The battles which were fought during The Wars of The Roses~ 1455: The First Battle of St Albans 1460: Battle of Northampton 1460: The Battle of Wakefield 1471: Battle of Barnet 1471: Battle of Tewkesbury 1485: Battle of Bosworth Field
A stained glass window in St. James Church commemorates the Battle of Bosworth Field where Richard III's forces of 10,000 met with Henry Tudor's forces of 5,000. Due to the Stanleys, who did some fence sitting with their forces of 6,000, the battle swayed nicely in Henry's direction, making him Henry VII.
Aug 22nd, 1485- Richard III was killed at the Battle of Bosworth Field, making Henry VII King of England; the Tudor dynasty begins. IMAGE: A stained glass from St. James Church, Sutton Cheney showing Richard III and Henry VII facing one another at Bosworth Field. Photo by John Taylor via Wikimedia Commons.
Fragment of the 500-year-flag that flew as King Richard III was killed in the Battle of Bosworth Field set to sell for £5,000
Fragment of the 500-year-flag that flew as King Richard III was killed in the Battle of Bosworth Field set to sell for £5,000 Red and gold remnant believed to be from the then Henry Tudor's standard The future Henry VII defeated Richard III at the bloody fight in 1485 The flag hung by the tomb of Henry's standard bearer Sir Robert Harcourt It was passed down through the Northamptonshire family now selling it Auctioneer Charles Hanson said: 'Incredible find from important battle'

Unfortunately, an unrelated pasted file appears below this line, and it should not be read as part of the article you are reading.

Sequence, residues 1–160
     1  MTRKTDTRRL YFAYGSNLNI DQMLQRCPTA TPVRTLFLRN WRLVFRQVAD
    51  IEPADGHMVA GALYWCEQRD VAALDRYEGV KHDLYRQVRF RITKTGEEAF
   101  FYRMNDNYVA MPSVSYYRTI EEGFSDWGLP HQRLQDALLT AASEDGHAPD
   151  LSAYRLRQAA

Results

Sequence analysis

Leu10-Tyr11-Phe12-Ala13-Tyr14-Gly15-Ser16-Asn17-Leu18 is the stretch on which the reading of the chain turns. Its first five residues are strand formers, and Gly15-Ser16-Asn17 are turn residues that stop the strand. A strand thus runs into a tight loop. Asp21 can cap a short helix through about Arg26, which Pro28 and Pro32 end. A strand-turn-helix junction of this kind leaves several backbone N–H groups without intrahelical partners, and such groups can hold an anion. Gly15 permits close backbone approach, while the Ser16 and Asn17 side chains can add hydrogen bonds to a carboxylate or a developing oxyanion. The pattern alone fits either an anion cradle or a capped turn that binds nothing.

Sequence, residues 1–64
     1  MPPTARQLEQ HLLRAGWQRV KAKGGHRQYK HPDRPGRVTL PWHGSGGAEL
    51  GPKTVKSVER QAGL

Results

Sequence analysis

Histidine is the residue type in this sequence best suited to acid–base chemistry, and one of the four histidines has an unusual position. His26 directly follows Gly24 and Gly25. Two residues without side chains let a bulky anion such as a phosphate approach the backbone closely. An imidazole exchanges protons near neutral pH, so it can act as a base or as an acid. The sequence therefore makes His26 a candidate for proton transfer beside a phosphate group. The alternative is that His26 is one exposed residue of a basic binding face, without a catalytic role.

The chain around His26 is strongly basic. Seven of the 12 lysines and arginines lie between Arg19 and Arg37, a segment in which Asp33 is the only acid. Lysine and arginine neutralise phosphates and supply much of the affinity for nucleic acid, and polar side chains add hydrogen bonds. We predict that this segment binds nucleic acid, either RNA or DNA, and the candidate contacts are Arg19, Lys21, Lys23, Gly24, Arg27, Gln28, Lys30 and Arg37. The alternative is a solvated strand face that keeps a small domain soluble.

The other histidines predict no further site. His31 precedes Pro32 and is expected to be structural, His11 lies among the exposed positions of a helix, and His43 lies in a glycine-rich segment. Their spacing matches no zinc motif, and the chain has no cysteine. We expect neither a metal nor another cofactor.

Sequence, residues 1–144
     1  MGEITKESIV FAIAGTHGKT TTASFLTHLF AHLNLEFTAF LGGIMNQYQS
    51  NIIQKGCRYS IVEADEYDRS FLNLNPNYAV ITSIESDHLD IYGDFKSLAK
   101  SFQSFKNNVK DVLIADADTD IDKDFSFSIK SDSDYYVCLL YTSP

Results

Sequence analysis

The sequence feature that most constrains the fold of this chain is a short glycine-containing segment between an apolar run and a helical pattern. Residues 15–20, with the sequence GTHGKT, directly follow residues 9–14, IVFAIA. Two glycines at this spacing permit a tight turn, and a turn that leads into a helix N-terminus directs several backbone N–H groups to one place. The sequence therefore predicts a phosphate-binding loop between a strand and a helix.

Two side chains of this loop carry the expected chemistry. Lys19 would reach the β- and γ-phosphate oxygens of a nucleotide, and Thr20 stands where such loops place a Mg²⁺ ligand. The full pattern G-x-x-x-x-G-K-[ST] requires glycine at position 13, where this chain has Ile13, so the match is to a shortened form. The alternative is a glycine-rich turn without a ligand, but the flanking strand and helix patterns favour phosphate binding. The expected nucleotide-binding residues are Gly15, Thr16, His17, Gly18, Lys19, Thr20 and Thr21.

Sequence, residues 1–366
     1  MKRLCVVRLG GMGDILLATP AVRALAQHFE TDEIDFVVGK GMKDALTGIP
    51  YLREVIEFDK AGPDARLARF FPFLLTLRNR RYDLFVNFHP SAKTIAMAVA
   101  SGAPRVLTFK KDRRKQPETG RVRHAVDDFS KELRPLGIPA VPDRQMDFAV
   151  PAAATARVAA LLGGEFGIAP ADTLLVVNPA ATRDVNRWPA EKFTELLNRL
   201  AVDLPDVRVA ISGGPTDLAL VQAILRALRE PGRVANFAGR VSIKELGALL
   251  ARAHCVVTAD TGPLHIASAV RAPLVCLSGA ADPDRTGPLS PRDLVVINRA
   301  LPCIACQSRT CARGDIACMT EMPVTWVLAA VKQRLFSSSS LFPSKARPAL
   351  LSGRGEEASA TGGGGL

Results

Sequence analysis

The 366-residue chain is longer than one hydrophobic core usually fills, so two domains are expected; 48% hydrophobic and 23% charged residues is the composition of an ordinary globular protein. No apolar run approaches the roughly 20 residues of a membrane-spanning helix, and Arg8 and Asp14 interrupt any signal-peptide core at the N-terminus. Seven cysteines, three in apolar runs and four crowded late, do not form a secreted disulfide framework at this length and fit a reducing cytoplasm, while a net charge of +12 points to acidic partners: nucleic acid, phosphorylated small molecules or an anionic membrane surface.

Penny of Richard III of England (b. 1452 - d. 1485) ~ Richard III was King of England for two years, from 1483 until his death in 1485 in the Battle of Bosworth Field. He was the last king of the House of York and the last of the Plantagenet dynasty
Ambion: The hill on which Richard III pitched his camp on the eve of the Battle of Bosworth Field was the site of the deserted medieval village of Ambion. The last recorded reference to it comes in 1346, just before the Black Death. Thereafter, the records fall silent, and it does not appear in the Nomina Villarum nor the subsidy rolls of 1416.
Silver gilt boar which was the badge of Richard III and would've been worn by someone of high status. It was discovered on the site of the Battle of Bosworth, experts say it was in the precise spot that Richard III lost his horse was fighting for his life